GIGA Focus International Edition English

Microcredit and Business-Training Programs: Effective Strategies for Micro- and Small Enterprise Growth?

Number 3 | 2014 | ISSN: 2196-3940

  • The World Bank’s most recent Global Financial Development Report (World Bank 2013) has once again stressed lack of both financial capital and business-related knowledge as key impediments to firm growth in developing countries. Yet, the most popular instruments to relax these constraints are largely unsuccessful in spurring firm growth.

    Analysis Most people in developing countries are employed in micro- and small enterprises. Therefore, promoting these firms by providing access to financial capital and basic managerial skills through microcredit and business-training programs has been considered a matter of common sense among experts. However, recent empirical results unambiguously show that these programs are no panacea for poor enterprise development and growth.

    • Many firms have limited access to financial capital, and many owners lack basic managerial skills. These deficits have been frequently assumed to be major impediments to firm growth in developing countries.

    • Microcredit and business-training programs are the most widely used strategies to promote enterprise development. Findings from recent empirical impact evaluation studies suggest that these programs are insufficient to trigger firm growth or job creation.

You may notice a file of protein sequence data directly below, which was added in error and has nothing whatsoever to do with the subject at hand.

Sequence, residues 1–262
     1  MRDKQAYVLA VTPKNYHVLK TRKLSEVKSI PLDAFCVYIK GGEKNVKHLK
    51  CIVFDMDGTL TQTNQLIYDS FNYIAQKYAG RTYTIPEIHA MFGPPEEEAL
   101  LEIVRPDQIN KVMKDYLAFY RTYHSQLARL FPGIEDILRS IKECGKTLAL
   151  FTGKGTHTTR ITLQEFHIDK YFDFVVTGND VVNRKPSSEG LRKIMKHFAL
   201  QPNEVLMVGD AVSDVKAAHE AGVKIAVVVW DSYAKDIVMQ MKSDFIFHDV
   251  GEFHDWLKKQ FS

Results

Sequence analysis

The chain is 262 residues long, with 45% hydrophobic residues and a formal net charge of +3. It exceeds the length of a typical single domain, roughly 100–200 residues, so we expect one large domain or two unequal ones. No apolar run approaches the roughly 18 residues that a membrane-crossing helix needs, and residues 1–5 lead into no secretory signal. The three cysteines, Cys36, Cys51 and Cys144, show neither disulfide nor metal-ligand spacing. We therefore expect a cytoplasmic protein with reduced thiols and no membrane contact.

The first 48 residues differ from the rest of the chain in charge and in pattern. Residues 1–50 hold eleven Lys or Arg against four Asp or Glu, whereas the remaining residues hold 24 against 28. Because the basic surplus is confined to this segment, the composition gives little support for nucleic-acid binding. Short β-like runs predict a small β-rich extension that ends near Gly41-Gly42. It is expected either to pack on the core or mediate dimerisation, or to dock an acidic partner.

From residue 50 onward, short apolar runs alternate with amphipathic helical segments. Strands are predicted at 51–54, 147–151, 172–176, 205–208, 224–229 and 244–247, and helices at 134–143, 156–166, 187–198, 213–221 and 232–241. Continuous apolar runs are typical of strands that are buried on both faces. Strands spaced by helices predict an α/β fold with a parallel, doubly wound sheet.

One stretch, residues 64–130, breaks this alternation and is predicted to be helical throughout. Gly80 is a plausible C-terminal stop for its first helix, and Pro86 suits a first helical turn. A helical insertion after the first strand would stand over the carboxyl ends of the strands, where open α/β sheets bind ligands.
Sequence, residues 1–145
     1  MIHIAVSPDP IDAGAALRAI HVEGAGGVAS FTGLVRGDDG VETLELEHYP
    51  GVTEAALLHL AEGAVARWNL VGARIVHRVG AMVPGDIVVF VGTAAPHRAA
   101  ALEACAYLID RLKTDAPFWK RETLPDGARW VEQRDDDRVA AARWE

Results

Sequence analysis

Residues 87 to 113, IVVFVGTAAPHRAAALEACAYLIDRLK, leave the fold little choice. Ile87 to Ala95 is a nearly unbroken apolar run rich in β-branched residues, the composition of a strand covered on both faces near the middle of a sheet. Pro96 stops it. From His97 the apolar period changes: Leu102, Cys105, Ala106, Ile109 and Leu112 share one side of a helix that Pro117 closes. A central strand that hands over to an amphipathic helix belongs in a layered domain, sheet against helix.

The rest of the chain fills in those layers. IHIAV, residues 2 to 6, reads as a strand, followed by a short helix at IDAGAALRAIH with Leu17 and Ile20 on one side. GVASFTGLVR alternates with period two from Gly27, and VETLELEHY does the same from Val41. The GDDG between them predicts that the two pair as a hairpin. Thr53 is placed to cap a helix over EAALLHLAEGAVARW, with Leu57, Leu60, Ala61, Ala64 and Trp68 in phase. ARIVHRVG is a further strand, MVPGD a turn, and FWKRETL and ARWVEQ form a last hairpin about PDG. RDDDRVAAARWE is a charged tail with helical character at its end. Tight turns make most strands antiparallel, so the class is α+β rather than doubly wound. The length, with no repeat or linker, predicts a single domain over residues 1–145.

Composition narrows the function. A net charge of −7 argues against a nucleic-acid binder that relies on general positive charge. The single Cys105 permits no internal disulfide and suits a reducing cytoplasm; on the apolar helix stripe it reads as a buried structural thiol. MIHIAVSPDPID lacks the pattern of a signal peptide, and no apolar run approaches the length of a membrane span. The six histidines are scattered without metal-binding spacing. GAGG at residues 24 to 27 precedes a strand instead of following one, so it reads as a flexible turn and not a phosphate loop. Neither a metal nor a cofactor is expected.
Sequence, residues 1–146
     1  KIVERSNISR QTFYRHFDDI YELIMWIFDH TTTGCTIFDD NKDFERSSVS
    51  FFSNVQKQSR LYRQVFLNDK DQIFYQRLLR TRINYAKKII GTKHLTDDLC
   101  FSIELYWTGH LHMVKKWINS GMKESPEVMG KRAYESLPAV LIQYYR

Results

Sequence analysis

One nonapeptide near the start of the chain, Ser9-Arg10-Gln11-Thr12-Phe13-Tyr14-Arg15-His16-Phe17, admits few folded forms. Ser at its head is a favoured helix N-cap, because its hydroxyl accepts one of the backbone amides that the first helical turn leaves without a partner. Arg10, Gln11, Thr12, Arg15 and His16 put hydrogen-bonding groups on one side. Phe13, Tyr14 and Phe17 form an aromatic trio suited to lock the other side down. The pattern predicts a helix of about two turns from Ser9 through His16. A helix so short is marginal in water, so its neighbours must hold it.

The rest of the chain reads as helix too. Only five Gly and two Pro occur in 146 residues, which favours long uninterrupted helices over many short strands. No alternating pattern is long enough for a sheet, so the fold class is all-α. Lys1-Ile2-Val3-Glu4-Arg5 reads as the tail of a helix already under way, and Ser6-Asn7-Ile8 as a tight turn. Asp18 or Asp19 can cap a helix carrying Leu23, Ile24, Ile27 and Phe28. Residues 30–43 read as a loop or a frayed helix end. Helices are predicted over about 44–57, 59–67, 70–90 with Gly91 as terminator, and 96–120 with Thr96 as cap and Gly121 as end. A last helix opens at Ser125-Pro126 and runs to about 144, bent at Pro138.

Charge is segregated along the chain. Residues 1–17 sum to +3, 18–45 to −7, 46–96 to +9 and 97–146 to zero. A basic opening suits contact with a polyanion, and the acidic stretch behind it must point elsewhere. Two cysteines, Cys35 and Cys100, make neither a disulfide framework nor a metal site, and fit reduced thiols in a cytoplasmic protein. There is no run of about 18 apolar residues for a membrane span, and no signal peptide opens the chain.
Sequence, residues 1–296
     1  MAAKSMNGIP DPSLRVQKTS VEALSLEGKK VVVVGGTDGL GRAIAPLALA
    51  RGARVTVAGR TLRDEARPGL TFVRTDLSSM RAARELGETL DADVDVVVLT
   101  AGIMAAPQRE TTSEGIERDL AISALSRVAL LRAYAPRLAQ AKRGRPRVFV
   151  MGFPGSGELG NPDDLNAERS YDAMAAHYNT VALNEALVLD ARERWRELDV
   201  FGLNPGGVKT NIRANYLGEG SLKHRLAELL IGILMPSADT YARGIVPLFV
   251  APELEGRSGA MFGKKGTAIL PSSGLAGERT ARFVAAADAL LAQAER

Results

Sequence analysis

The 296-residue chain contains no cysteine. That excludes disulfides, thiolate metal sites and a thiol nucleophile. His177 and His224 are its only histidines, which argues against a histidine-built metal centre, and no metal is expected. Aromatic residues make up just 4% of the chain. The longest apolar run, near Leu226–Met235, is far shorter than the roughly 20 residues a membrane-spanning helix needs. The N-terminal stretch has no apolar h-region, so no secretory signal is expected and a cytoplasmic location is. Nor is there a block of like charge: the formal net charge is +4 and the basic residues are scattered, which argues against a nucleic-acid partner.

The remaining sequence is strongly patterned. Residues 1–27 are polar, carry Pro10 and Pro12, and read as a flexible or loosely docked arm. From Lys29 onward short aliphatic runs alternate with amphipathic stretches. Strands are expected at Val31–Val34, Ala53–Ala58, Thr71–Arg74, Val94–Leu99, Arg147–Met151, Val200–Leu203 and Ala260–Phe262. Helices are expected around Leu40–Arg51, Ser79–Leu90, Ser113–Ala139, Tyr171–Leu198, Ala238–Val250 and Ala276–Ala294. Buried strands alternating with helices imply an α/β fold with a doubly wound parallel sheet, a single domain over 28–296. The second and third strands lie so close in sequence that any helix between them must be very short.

• The empirical studies have some limitations, and it remains largely unclear what types of entrepreneurs these programs work best for and why these programs seem to have largely failed to improve business performance.

    • Amendments in key design features of these programs and the development of screening tools to identify and target high-potential entrepreneurs might help improve their effectiveness.

    • Yet, the results show that microcredit and business-training courses are no panacea for stagnant enterprise development everywhere and call for a stronger emphasis on a holistic strategy mix that takes into account context-specific interrelations among different binding constraints.


      Gundula Gut

      Gundula Gut

      Deutsche Bundesbank


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      The German Institute for Global and Area Studies (GIGA) – Leibniz-Institut für Globale und Regionale Studien in Hamburg publishes the Focus series on Africa, Asia, Latin America, the Middle East and global issues. The GIGA Focus is edited and published by the GIGA. The views and opinions expressed are solely those of the authors and do not necessarily reflect those of the institute. Authors alone are responsible for the content of their articles. GIGA and the authors cannot be held liable for any errors and omissions, or for any consequences arising from the use of the information provided.

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